You should also look at the details tab; it will show you the usual behavior of the user on this host. Are they new to the host, or have they been using it for a long time? Do they often log in in the morning or late at night? The below example shows that the gdoe account is new within the past 30 days, all remote logons, and all between 6 AM and 12 PM.

What Happened Before the Artifact?

We know these events are created only when the user successfully authenticates. If the logon is malicious, this implies two things:

  • The OS account was compromised and needs to be disabled and further investigated. All actions of that OS Account should be understood.
  • The attacker was active on the host listed in the logon event. The scope of your investigation has expanded to now include this host, and you should collect from it if you have not already. That host may have clues about other systems that the attacker gained access to. If you are using Cyber Triage, you should start the collection from that host while you finish this host.

Analysis of that previous host (host34 in this example) can help show what the attacker was doing. You can initially focus on a timeline view of that host at the time of the logon to see what was happening.

What Happened After The Artifact?

The challenge with this event is that it does not give much indication about what happened afterward. It all depends on which application authenticated the user.

Examples include:

  • If the application was SMB, then files could have been copied to or from the host
  • If the application was PowerShell, then processes could have been created.

So, to fully understand what happened after the event, it can be useful to try to identify which application it was. The Event log entry may have a process name. That can be used to identify which process requested the authentication, and you can then use knowledge about that application to understand possible impacts.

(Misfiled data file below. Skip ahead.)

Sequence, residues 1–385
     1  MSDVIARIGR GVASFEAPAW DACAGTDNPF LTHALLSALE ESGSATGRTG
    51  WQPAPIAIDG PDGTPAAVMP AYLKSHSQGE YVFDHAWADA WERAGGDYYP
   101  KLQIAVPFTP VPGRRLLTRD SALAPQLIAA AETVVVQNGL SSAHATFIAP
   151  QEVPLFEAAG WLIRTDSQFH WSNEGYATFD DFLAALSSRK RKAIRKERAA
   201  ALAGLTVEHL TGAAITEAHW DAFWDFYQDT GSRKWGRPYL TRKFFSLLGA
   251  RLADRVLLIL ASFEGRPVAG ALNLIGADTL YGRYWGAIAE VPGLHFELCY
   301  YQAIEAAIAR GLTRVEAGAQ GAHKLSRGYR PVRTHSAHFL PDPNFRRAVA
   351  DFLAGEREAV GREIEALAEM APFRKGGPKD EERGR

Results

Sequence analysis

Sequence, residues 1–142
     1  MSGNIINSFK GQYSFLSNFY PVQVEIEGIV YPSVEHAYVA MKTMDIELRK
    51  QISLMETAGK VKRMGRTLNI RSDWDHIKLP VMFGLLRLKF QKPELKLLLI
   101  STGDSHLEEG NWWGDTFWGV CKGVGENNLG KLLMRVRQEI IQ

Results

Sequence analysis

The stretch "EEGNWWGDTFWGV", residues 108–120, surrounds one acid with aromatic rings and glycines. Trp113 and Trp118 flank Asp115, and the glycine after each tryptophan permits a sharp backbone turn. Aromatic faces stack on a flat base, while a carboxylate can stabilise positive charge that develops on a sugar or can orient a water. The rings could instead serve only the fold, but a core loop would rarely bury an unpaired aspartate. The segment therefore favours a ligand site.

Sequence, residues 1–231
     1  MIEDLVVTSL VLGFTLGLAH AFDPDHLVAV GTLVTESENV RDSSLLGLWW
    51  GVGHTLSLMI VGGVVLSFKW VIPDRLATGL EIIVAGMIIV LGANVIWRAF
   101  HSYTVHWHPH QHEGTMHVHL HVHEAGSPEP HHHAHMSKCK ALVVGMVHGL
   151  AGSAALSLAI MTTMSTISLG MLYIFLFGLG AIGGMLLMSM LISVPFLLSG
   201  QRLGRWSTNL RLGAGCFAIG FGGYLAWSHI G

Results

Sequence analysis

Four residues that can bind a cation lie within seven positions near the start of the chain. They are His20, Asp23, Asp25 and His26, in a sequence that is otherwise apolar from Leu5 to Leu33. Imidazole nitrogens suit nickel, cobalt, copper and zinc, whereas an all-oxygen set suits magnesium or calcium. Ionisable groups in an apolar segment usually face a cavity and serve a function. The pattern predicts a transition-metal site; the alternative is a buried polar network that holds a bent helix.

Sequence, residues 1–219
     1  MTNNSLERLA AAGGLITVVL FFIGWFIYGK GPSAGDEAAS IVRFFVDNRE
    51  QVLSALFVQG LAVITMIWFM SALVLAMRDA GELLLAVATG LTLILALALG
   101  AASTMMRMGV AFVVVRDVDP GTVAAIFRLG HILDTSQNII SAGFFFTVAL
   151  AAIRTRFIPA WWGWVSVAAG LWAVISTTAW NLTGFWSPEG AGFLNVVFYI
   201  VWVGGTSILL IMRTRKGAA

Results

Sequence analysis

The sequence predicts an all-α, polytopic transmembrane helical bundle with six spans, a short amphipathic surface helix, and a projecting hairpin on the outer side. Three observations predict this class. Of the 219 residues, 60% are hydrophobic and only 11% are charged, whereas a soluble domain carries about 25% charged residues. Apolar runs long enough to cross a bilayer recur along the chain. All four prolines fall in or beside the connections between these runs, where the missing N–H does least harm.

Otherwise, timelines and searches can be useful. Viewing a timeline of all activity on the host, including file and registry creations, after the logon event could show related entries from other logs, such as Powershell or TerminalServices.

For example, you may be able to merge all the event logs and see that there is a Terminal Services event after the network logon, which implies the network logon could be from Network Level Authentication (NLA). Terminal Services uses network logons to first verify the user is going to properly authenticate before it starts up the full UI infrastructure.

Similarly, looking at a timeline with file activity could also show if there were new files being created right after the logon session. In the example below, you can see the /windows/support.service.exe file being created after the network logon.

Or, you may see a process launch, such as seeing ‘whoami’ and ‘cmd’ in the following timeline:

Another approach is to look for all activity associated with that user, which should be limited if they are not normally on that host. Some applications do not make this easy, though.

In Cyber Triage, you can go to the Accounts view, select the user, and then see the processes and files associated with that user (which is pretty easy…). You can see here that the user had the two processes we previously saw in the timeline (cmd and whoami).


Network logons from an attacker are useful to identify and use as leads. From them, you can:

  • Move backward in the attack sequence to the host the attacker came from
  • Move forward to identify the next steps

The biggest challenge with network logons is that they are used for so many types of activities. You’ll need to do some work to determine whether it was from a file share access, Powershell, or other remote access. We’ll cover that more in future posts.

If you want to make your remote access investigations more efficient, try out Cyber Triage with the free 7-day evaluation.